Amazon is bringing drone delivery to this California cowboy town

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Lockeford, CA — Six months ago, Amazon contacted the local government in this rural town and informed them that it was planning to launch the long-awaited drone delivery service here.

But when Amazon released the news last week, many of the unincorporated Rockford residents with vineyards, orchards, and ranches, I didn’t know about the plan yet.

An 82-year-old woman living with a dog, a horse, two ponies, and a flock of small goats, directly across from a drone facility still under construction, said no one mentioned Amazon’s plans. The same was true for two brothers who were busy converting a recently purchased nearby winery into a marijuana farm.

A man from a local archery shop jokingly commented, “Target practice!” When he found it.

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The news surprised many Rockford residents when Amazon announced last week that it would begin delivering packages via drones for the first time in the United States. Whether you’re building a data center, headquarters, or a new fulfillment center, Amazon often uses codenames, secretly negotiates tax subsidies, and secretly undertakes projects. However, great exposure sometimes shocks the locals and triggers a battle between the tech giant and the community in which it seeks court.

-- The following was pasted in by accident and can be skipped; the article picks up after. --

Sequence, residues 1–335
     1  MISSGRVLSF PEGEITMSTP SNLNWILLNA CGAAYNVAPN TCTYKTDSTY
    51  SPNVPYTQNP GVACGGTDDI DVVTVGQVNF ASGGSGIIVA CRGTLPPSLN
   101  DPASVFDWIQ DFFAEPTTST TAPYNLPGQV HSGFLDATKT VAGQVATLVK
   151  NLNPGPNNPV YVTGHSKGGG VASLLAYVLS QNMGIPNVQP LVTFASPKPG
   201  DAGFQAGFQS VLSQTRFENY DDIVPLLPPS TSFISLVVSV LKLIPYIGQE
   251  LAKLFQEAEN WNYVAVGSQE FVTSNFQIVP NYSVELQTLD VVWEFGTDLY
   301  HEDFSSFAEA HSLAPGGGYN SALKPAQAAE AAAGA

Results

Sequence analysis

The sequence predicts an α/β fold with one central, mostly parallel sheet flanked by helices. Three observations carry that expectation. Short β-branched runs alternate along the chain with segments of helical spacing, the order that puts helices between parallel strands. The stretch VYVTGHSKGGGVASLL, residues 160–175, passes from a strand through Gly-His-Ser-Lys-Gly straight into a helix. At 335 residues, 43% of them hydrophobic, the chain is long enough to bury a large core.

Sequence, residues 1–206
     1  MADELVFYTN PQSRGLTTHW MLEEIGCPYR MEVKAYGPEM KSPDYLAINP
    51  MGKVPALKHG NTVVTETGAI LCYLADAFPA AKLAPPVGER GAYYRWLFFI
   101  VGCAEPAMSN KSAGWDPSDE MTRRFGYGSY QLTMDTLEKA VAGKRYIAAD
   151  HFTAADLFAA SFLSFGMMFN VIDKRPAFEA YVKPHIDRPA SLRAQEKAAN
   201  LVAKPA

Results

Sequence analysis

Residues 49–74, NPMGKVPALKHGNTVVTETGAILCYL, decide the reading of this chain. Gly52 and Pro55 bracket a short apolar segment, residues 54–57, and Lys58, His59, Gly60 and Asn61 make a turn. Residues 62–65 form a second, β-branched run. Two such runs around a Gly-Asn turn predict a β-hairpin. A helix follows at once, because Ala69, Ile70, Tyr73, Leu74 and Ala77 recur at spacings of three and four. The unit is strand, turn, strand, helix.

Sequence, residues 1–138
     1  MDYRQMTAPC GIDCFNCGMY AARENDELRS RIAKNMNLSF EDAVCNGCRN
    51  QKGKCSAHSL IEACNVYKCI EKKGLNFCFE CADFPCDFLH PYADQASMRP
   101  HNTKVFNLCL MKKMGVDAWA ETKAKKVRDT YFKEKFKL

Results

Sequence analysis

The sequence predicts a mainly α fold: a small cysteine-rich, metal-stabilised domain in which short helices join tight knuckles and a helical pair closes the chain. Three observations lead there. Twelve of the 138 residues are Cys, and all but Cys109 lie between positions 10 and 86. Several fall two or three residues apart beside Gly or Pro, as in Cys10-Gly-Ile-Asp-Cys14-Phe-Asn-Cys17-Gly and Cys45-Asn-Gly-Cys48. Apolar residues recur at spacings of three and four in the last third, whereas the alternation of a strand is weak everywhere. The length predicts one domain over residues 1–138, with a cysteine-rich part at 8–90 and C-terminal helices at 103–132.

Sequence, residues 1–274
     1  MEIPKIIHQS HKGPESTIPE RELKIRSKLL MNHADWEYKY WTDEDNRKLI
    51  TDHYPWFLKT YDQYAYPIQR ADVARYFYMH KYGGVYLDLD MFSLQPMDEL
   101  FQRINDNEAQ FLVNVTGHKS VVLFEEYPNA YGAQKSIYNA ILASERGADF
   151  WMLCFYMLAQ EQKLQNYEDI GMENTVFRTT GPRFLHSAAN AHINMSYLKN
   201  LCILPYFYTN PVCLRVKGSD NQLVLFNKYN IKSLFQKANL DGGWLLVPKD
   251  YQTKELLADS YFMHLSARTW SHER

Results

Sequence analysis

In recent years, the suburbs of Denver, the community of islands on the Canadian border of New York, and the small towns of Massachusetts have all gathered to stop Amazon development after the news was released. In 2018, after a rush process to select New York City as one of the second headquarters sites, the plan was not approved due to a big backlash. (Amazon is building a so-called HQ2 in Arlington, Virginia)

The team that chose Rockford liked it because of the weather, countryside terrain, highway access, and existing customer base, a former Amazon employee who spoke on anonymous terms for fear of retaliation. I told the Washington Post. However, the team also considered it a good choice, as there is not much bureaucratic formalism.

It “feels a kind of cowboy and does what you are there,” he said.